Reinstalling Mac OX 10.7 Lion

My 27″ iMac upon which I work on for all my development work is an amazing computer. I purchased my in spring 2011 and it was just over a year old. Most computers, particularly PCs based on the Windows operating system, need a rebuild from now and again to remove any ‘rubbish’ and clutter that every day use can add to the system. Therefore here is how I set about reinstalling the operative system and starting again.

Step 1 – Back Up

This sounds obvious but the first stage to rebuilding your machine is to backup all of your content and data that you want to keep. I am not really talking here about applications as you will want to install these from fresh, either through the Mac App store or the original downloads or install CD/DVDs provided. What I am talking about is the documents, presentation, images, video and all the other stuff that you will of course want to keep.

Although I use Time Machine to backup my Mac, which is an excellent fail safe, Time Machine backs up the whole system, including that ‘rubbish’ that builds up over time. Therefore it would be pointless to rebuild it using this backup. Therefore the night before I scoured my hard drive on the iMac for all the stuff that I wanted to keep and then copied this to an external hard drive.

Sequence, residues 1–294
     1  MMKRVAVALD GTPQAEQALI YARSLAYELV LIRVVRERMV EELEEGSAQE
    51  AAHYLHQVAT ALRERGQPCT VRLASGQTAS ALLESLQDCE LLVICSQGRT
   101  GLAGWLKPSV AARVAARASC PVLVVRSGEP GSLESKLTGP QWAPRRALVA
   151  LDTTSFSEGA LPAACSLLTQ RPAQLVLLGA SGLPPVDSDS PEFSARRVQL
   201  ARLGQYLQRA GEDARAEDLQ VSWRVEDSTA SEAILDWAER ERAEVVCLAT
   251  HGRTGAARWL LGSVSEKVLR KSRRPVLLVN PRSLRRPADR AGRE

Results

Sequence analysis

Step 2 – Boot Your iMac in Lion Recovery Mode

In order to be able to delete all the files on the hard disc of your Mac you will need to restart your Mac. On restart (when you here the restart noise) hold down Command + R on the keyboard. A window will then pop-up with some options.

As we want to start from fresh I choose to use Disk Utility in order to delete the main hard drive in the Mac. Then I went through the steps of reinstalling Mac OS X, which is another options in the pop-up window.

This takes a while but puts a clean copy of OS X Lion onto your computer. Your computer will then restart and it will act as if it was the first time you turned on the computer.

Step 3 – Setup OS X

OS X now boots and it will take you through the setup process in the same way as when you first purchased the computer. You will have to connect it to your Apple ID, enter a username and password etc. and choose some Keyboard and time settings to use for the system.

Step 4 – Copy Over Your Documents and Applications

Now you can use the external hard drive you copied your files onto in order to copy them back to your Mac with its brand new installation of OS X. The approach I take here with applications is to only install an App, when you actually need it. This will speed up your system and you will be surprised at home many of them you never actually re-install.

So there you have it  a quick guide on reinstalling Mac OS X Lion to give yourself and clean factory settings install to freshen and speed up your Mac.